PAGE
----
ALEXANDRIA, Va. -- The U.S. convenience-store industry cumulatively invested more than $6 billion in upgrading stores in communities across the country in 2015, according to the latest industry metrics released recently by the National Association of Convenience Stores (NACS).
The average cost of a store remodel in 2015 was $409,582, up 40% from an average cost of a remodel in 2011. With 12% of all c-stores undergoing remodels in 2015, that means that the industry cumulatively committed more than $6.3 billion to improving stores in neighborhoods across the country.
Click through for more details. …
The industry also invested billions of dollars more in new-store builds. The cost to build a new convenience store in a rural neighborhood was $4.36 million in 2015. The cost to open a c-store in an urban market was about $500,000 more per store than rural locations, averaging $4.87 million, mostly because of higher real-estate costs, even though the lots and stores typically are smaller. Rural lots average 80,052 square feet compared to 71,525 for urban stores. And rural stores average 4,938 square feet, compared to 4,594 square feet.
The cost of the building itself was 37% of the cost of a new-store build. Equipment costs (for foodservice, motor fuel and technology, in particular) were also 37% of overall costs. The remainder of the costs were for land (22%) and inventory (4%).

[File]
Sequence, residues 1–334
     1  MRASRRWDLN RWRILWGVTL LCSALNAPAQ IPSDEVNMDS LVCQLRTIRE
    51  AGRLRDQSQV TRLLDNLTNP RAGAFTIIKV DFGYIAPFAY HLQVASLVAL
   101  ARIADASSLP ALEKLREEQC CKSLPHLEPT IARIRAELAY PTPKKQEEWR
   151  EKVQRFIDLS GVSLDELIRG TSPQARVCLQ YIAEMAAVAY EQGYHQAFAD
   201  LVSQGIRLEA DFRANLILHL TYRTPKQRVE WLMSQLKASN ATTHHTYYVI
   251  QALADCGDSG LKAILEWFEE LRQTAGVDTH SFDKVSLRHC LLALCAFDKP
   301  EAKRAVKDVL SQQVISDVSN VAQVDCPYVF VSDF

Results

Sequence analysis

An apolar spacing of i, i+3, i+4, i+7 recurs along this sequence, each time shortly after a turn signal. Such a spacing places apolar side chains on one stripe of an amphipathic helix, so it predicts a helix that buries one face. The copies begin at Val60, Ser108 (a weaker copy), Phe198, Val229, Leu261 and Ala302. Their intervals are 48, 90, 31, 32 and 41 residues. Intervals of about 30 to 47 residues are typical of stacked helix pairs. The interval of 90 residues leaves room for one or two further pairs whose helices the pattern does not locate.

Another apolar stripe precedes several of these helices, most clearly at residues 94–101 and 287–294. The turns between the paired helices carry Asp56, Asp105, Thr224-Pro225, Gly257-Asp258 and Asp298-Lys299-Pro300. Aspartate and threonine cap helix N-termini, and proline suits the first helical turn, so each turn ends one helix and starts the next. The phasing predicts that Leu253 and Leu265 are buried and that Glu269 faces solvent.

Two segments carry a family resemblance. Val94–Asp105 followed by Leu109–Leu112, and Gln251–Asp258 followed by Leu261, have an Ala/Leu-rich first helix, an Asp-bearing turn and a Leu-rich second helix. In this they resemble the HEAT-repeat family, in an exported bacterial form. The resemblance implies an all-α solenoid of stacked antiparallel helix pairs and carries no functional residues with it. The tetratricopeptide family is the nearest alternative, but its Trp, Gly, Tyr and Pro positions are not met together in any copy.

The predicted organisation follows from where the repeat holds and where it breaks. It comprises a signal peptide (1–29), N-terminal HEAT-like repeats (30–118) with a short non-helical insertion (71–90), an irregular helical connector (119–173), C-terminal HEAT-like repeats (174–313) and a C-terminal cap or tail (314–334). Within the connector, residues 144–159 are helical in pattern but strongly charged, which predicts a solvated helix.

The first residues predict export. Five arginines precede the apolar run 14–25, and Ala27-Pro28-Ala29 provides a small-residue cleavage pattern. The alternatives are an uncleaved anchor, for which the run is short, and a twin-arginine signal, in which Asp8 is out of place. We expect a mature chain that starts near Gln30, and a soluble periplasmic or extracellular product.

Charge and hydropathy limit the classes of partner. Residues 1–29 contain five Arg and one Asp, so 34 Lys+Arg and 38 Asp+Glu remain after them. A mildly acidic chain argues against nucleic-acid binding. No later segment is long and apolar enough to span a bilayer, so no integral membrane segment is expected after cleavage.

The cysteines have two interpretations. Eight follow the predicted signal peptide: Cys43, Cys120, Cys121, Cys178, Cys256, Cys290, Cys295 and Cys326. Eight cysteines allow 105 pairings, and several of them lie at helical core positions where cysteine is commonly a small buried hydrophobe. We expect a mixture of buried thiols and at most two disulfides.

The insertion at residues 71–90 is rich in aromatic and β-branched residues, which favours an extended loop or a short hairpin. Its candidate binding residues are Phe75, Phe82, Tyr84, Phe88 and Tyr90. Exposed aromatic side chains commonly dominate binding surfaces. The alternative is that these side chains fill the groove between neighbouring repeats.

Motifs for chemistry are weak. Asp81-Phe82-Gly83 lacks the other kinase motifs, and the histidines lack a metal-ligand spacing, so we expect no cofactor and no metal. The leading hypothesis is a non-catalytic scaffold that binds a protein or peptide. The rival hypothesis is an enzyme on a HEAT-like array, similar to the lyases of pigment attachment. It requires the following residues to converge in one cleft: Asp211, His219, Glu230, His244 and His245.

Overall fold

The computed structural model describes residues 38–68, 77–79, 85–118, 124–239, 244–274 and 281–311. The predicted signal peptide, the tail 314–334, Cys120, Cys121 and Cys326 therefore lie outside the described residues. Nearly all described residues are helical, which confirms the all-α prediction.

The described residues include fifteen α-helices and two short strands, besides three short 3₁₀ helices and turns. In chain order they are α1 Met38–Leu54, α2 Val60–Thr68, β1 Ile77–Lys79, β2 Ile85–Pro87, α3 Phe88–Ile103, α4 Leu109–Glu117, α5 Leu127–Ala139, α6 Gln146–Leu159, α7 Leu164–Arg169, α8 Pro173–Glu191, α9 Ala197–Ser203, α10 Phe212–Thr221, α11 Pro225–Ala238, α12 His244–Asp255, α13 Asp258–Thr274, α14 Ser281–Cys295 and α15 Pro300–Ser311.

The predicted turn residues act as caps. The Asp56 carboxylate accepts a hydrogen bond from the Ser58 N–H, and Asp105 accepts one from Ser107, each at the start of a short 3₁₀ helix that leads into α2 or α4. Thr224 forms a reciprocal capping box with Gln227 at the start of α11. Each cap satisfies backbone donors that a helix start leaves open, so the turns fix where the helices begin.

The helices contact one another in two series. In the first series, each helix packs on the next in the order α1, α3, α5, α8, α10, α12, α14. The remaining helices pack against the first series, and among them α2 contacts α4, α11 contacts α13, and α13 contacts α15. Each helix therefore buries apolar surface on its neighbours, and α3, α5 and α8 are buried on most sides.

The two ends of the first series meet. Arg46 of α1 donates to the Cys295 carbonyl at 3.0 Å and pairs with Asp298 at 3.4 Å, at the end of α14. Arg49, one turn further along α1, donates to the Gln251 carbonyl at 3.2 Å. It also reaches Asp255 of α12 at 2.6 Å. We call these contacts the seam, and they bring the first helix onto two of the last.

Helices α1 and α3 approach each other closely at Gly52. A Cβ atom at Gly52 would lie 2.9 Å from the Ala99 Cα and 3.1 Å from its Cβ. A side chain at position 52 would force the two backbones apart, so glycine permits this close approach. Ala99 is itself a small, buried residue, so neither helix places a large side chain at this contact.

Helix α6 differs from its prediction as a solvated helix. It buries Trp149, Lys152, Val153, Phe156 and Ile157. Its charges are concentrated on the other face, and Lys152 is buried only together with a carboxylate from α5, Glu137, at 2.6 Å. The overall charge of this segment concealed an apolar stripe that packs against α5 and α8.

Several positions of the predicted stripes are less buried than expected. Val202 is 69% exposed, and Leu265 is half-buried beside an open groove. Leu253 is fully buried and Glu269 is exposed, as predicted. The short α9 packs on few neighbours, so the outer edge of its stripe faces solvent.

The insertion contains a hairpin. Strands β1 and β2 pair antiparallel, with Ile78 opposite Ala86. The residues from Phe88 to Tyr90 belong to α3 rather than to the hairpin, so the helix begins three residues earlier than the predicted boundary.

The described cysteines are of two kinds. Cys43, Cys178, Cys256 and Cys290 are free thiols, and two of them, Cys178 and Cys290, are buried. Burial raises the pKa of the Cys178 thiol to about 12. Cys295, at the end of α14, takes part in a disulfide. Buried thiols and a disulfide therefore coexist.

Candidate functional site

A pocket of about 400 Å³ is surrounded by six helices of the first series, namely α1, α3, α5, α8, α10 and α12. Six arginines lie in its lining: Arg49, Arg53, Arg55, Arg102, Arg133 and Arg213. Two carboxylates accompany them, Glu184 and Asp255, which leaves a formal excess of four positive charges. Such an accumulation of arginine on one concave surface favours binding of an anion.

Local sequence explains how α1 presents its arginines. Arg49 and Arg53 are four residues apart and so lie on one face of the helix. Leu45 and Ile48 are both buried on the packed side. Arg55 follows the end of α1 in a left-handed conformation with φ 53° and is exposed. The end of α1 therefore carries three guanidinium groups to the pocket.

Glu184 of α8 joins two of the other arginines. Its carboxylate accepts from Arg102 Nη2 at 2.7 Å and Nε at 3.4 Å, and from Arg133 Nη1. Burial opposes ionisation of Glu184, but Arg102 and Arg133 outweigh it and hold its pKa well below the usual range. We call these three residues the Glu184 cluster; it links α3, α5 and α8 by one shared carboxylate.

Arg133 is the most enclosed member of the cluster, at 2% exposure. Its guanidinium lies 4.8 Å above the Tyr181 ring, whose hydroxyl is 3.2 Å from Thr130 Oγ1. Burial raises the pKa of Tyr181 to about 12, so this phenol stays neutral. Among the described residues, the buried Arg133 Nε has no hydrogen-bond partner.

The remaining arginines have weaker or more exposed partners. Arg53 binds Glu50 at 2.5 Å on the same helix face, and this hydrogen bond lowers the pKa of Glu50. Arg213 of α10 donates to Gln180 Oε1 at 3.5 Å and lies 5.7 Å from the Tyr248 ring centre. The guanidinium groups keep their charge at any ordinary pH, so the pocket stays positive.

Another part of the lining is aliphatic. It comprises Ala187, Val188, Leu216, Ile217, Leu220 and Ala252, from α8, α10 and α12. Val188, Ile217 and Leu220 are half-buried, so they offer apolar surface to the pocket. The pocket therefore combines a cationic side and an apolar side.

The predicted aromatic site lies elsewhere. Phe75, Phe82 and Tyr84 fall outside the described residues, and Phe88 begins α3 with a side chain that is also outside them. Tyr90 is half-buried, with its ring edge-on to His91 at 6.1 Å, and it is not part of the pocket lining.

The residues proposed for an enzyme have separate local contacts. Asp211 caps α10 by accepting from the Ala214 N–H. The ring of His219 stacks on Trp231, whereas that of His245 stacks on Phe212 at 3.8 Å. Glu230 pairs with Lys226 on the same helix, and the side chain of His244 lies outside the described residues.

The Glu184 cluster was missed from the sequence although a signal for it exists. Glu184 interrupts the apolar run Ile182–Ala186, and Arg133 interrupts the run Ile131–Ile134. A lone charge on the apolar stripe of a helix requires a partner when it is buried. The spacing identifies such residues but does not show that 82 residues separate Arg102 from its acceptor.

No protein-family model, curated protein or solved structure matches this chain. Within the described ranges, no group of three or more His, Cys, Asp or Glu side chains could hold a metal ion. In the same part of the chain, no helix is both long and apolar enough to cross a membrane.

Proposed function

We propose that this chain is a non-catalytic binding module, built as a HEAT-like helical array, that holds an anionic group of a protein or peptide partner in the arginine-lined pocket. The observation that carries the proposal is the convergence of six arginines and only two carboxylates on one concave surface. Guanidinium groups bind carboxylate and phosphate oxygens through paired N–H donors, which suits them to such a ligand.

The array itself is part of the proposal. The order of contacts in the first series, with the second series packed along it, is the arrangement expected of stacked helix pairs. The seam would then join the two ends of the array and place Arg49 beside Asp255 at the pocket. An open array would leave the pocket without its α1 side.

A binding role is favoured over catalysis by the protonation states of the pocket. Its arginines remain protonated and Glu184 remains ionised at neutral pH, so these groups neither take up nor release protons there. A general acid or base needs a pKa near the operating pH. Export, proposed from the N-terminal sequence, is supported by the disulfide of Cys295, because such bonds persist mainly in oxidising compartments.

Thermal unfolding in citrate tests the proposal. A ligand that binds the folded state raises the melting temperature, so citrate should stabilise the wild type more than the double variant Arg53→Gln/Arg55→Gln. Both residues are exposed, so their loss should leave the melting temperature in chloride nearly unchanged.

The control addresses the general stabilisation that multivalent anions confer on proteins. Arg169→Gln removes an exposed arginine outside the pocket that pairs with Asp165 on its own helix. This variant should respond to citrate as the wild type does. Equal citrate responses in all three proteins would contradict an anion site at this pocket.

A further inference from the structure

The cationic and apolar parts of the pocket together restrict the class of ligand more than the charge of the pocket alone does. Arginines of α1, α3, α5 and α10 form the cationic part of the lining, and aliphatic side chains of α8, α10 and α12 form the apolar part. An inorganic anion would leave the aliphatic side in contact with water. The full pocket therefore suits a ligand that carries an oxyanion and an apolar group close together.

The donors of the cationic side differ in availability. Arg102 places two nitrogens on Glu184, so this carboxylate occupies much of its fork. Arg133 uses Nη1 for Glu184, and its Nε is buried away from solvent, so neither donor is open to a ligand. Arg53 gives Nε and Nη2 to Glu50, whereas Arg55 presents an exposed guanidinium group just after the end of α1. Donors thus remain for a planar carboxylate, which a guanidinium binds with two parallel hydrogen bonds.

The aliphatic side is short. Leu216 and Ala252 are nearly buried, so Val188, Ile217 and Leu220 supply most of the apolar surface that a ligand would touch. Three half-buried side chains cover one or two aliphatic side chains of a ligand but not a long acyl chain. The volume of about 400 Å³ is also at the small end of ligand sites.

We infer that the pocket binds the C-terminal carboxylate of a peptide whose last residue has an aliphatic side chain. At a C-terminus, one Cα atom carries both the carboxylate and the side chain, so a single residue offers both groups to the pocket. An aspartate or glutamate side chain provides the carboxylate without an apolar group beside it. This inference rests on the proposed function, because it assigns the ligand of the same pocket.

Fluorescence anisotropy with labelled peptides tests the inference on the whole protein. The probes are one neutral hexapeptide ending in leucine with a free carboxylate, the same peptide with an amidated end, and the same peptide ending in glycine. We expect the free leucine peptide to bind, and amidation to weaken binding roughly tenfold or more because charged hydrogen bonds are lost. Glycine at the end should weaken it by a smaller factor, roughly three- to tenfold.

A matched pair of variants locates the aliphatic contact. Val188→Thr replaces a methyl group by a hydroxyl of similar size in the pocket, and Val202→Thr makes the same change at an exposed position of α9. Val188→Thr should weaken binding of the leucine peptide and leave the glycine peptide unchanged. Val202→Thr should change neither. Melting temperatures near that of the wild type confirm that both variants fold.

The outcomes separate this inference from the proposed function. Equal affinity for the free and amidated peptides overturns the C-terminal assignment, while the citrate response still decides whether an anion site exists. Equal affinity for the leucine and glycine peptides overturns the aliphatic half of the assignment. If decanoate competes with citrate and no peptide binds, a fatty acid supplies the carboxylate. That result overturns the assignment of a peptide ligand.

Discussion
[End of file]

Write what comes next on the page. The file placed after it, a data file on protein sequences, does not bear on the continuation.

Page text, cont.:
The average interval between store remodels is 10 years.
Store operators also are twice as likely to own the stores than lease them; 68% of new stores built in 2015 were owned, and the remainder were leased.
Meanwhile, nearly three in four (71%) Americans say that c-stores are a good fit with their community’s values and an even higher percentage (77%) say they would be “very” or “somewhat” favorable toward a new c-store being opened in their area.
Younger consumers (ages 18 to 34) are more favorable toward c-stores than other age groups. More than eight in 10 (82%) consumers ages 18 to 34 say that c-stores are a good fit with their community’s values. And fully 90% say they are favorable to a new c-store, and more than one in three (37%) say they would be “very favorable.” Consumers with children are also more favorable to new c-stores than consumers without children—85% of consumers who have at least one child under the age of 18 living at home say they would be favorable to “to a new convenience store opening in their area and 36% say they would be “very favorable.”
Consumers favorable to new stores cited positive economic effects, such as more competition for local businesses and more jobs, while others say they could use another store closer to their homes for greater convenience.
Nearly three in five (58%) Americans say there are “about the right amount” of convenience stores in their community, with the remainder evenly split between “too many stores” (21%) and “not enough stores” (21%). Consumers in suburban areas are least likely to say there are “not enough” stores in their area (16%) compared to urban consumers (21%). Rural consumers are most likely to say there are “not enough” stores (31%).